Serbia strengthens agriculture’s resilience against disasters with the help from FAO and the EU
A two-day virtual workshop marked the official launch of a project strengthening disaster resilience in Serbia’s agriculture sector
28 April 2021, Belgrade, Serbia – A two-day virtual workshop marked the official launch of a project strengthening disaster resilience in Serbia’s agriculture sector. The EUR 2.5 million project is funded by the European Union, and implemented by the Food and Agriculture Organization of the United Nations (FAO).
Climate change and natural disasters, including drought, floods and hail have a profound impact on Serbia, affecting large numbers of the population and causing significant economic losses. The agricultural sector is among the most affected.
“Project is the direct result of the expressed intention of both National Authorities of Serbia and the EU to engage in action to boost resilience and adaption to climate change in all sectors, including agriculture. Policy change, capacity building, elaboration of curriculum in education and demonstration activities at farm level will allow Serbia to make one step ahead in developing more productive and sustainable agriculture”, said Spyros Afentoulidis, Project Manager of the Delegation of the European Union to the Republic of Serbia in his introductory speech.
Assistant Minister for agricultural policy Nenad Katanić welcomed participants on behalf of the Ministry of Agriculture, Forestry, and Water Management, emphasizing the ideal moment of the project implementation, since the Ministry has just formed a new organizational unit that will deal with the impact of climate change and natural disasters on agriculture. "I hope that this comprehensive project will provide excellent results, we are aware that capacities of the Ministry are not sufficient to adequately respond to these challenges, but together with local self-governments, agricultural extension services and the project itself we can achieve a lot".
Sandra Nedeljković, Deputy Director of Public Investment Management Office thanked the European Union for support and stressed that, as a society, we have forgot about the prevention, but since the floods in 2014 we have been actively working on it: ‘’It is not a question whether natural disasters will happen, but only when, and agriculture is one of the most affected sectors”.
FAO National Programme Coordinator for Serbia Aleksandar Mentov, noted that the purpose of the workshop is to present a new project funded by the EU and implemented by FAO, which aims to improve capacities for disaster risk reduction and climate resilient agriculture in Serbia, at both national and local levels.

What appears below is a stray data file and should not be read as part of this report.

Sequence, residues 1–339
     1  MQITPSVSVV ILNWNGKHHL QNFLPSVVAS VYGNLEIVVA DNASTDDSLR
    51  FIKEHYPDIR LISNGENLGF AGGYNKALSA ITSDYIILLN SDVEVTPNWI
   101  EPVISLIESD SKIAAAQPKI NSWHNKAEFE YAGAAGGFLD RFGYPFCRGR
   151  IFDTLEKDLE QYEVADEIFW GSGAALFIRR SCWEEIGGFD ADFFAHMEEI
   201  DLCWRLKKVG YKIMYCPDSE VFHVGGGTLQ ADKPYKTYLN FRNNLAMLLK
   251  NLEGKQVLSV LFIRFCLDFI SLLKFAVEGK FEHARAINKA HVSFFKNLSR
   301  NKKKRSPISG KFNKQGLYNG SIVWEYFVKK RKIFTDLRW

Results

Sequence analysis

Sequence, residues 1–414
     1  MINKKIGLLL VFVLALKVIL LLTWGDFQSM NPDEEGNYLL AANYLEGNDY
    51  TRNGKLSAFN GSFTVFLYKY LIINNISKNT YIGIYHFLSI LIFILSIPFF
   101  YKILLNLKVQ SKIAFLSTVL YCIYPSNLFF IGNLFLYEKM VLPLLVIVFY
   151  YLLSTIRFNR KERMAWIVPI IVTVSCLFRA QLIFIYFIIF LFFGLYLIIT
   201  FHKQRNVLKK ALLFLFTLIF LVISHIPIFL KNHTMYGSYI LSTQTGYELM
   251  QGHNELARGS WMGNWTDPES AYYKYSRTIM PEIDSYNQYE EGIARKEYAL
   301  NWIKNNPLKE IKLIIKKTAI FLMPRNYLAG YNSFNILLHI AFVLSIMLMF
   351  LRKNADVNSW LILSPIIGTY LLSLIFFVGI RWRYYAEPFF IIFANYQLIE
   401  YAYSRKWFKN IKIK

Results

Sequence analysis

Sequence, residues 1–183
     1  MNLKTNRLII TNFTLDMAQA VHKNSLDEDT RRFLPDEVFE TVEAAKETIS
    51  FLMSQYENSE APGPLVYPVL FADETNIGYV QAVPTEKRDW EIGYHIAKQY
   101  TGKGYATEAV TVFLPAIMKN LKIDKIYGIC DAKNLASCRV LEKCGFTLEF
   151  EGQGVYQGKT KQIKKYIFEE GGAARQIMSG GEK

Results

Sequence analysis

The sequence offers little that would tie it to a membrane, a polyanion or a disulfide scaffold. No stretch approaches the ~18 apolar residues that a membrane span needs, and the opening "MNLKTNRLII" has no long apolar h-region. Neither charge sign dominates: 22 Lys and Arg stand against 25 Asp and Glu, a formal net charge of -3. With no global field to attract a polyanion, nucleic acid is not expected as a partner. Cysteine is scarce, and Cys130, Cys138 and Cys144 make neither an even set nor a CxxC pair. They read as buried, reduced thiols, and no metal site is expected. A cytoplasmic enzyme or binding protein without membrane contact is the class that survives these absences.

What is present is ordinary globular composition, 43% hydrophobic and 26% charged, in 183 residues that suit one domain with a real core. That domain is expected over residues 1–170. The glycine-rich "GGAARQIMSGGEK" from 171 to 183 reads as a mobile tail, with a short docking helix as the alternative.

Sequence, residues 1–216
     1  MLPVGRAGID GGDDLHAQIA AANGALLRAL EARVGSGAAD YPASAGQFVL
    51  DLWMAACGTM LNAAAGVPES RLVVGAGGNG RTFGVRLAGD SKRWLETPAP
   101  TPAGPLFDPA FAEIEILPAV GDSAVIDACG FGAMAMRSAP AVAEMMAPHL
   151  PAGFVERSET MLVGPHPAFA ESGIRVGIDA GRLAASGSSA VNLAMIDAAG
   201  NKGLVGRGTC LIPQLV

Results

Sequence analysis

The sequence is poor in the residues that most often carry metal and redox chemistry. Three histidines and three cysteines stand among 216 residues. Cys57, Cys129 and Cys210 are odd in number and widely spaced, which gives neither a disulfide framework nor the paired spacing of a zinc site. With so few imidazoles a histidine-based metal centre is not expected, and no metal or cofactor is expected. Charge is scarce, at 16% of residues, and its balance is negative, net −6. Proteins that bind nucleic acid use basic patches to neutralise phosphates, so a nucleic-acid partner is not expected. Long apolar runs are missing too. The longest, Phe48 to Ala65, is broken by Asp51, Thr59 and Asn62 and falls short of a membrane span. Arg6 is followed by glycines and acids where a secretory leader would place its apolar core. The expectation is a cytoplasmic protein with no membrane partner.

Representatives of the Ministry of Agriculture, Forestry and Water Management, the Ministry of Environmental Protection, the Ministry of European Integration, and the Ministry of Education, Science and Technological Development, as well as the Provincial Secretariat for Agriculture, Water Management and Forestry, the Standing Conference of Towns and Municipalities, local governments, the Institute for Science Application in Agriculture also took part in the introductory workshop. Agricultural extension and advisory services, agricultural schools, as well as representatives of farmers actively participated in the project launch.
Jeroen Arends, an international expert on climate change, showed participants the impact that climate change has on the agricultural sector in Serbia, as well as the risks of natural disasters.
After his presentation, Carolina Starr, the leader technical officer for the project, elaborated on the project’s two main components.
On one hand, the project will ensure the integration of disaster risk reduction and climate-smart agriculture principles into agriculture policies at national and local levels. The aim of this component is to strengthen institutional resilience of the agricultural sector against climate change. To realize this, FAO will work directly with the Ministry of Agriculture, Forestry and Water Management, the Ministry of Education, Science and Technological Development, agricultural advisory services, agricultural high schools, local self-governments, and other relevant institutions and organizations.
On the other, applying climate-smart agriculture will help reduce the risk of natural disasters. Practical measures and demonstration fields will provide examples of climate-resilient agriculture, while farmers can access up-to-date knowledge, technologies, and practices related to climate change mitigation and adaptation.
The event concluded with an interactive workshop on climate smart agriculture and disaster risk reduction and management. Over 80 representatives from various institutions and organizations, as well as farmers exchanged views and proposals on climate-resistant agriculture, but also on approaches to implementing project activities and the roles of all partners. They confirmed their interest in learning more about the climate change impact on Serbia’s agriculture, and especially about the ways to reduce climate risks and invest into new knowledge.